Golden Retriever Breeders: Avoid Them!
Make a Choice! Be a Hero!
If you have your heart set on a Golden Retriever for your family, you’re pretty smart! Golden’s are great dogs that get along with everyone and make fine family pets, and there are plenty of them at shelters waiting for good homes because owners decided they were, too busy, they were moving, they had a new baby coming, the dog was bigger than they thought it would be or any other number of ridiculous reasons.
Don’t add to the overpopulation of Golden Retrievers or any other dog breed. Get your new family member at your local shelter, and make your choice carefully so you won’t be one of those untrustworthy people who decides to abandon someone who trusts you in a strange and frightening place when things get inconvenient.
Some People Decide Their Dogs are Too Old to Keep!
Know What You are Looking For
When you choose your new family member, be sure to take your time evaluating temperament, health, and intelligence. It can be heart-breaking to spend an afternoon in a shelter or to make several trips, but it’s necessary to make a choice you can live with happily for the next 15 years or so.
If you have your heart set on a full-blood Golden Retriever, educate yourself as to conformation, health, temperament and so on. Remember that large dogs can have problems like hip dysplasia, and watch carefully for that as you look your choices over. Any sign of weakness in the hindquarters is likely to mean that you will have to deal with medical problems if you choose that dog. If the shelter will let you have your final choice checked out by your own vet, it would be a good idea.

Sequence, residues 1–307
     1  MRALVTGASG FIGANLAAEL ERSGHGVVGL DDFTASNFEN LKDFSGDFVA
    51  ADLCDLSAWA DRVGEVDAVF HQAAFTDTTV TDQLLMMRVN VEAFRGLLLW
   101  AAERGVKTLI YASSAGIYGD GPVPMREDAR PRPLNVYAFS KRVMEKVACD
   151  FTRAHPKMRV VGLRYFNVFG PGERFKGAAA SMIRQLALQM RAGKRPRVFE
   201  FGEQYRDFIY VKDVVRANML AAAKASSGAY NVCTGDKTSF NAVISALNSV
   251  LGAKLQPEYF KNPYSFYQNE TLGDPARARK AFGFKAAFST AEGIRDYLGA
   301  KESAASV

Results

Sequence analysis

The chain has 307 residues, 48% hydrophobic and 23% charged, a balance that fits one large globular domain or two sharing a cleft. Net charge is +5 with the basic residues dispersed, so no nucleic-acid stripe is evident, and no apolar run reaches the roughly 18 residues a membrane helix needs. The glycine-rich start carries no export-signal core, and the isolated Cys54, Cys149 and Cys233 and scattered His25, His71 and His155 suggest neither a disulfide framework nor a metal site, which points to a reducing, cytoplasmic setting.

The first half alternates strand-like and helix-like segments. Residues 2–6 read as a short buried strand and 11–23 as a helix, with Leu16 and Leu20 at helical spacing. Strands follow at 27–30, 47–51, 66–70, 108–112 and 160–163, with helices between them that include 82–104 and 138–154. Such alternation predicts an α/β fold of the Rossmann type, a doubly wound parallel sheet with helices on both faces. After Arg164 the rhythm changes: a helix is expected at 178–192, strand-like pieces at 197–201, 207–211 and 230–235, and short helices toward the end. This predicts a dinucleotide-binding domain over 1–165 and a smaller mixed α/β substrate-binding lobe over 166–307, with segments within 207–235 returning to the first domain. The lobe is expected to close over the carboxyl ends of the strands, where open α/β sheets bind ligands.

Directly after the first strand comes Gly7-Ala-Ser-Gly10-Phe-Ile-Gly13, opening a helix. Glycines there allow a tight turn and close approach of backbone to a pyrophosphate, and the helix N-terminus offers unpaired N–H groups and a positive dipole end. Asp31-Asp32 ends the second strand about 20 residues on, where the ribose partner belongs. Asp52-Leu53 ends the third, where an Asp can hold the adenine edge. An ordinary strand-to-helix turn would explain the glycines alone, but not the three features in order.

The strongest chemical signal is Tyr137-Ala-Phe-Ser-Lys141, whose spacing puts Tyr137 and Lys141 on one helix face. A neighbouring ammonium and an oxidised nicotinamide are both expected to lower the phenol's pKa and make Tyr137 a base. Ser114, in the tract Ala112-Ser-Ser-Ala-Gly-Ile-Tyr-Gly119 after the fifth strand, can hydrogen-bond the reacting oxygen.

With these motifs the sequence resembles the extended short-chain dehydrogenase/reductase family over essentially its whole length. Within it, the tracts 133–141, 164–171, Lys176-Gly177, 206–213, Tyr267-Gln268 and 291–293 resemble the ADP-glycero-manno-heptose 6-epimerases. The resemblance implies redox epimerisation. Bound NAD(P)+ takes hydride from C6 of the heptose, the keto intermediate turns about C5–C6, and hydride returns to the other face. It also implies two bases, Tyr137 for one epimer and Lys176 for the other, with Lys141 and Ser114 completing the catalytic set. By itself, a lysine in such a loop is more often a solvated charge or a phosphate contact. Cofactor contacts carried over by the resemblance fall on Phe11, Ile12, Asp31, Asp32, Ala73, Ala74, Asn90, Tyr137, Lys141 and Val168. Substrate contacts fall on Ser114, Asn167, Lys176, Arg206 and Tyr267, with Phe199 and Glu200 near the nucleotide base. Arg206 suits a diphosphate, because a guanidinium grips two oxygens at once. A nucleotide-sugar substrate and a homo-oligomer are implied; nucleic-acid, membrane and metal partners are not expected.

Do Your Homework!
For Some People, Dogs are Disposable
Sometimes, a dog you find at a shelter may actually have registration papers, and you may be able to find out who the breeder was. If this is the case, you should do a little detective work to find out if the breeder was reputable. Check the BBB Online to see if there have been complaints. If there have not, contact the breeder (a personal visit is best) and check to see if the parents of the dog were/are healthy.
You will want to find out about any hereditary tendencies toward cataracts, hip dysplasia, and elbow dysplasia. These are all common Golden Retriever problems. Ask about the personality of the parents of the dog you are considering.
If a dog has hereditary health problems, it’s a good idea to avoid choosing that particular dog. Of course, if you fall in love with the dog and you have the wherewithal to meet its medical needs, you can surely be a hero!
Yeah! I’m a Golden Retriever! Really!
Make a List and Keep an Open Mind!
One thing that very often happens when you go to the animal shelter to look for a new family member is that you fall in love with an animal you hadn’t planned on at all. If you really have your heart set on a full-blood Golden Retriever, you will eventually find exactly the dog you are looking for - maybe on your very first visit.
Let your heart guide you, too! Remember that a mutt often has far fewer hereditary problems than a purebred dog. Nature has a way of selecting the best traits of the parents and suppressing the worst as long as we humans don’t interfere! A Golden Retriever mix may really be the perfect choice for you ! You just don’t know it yet!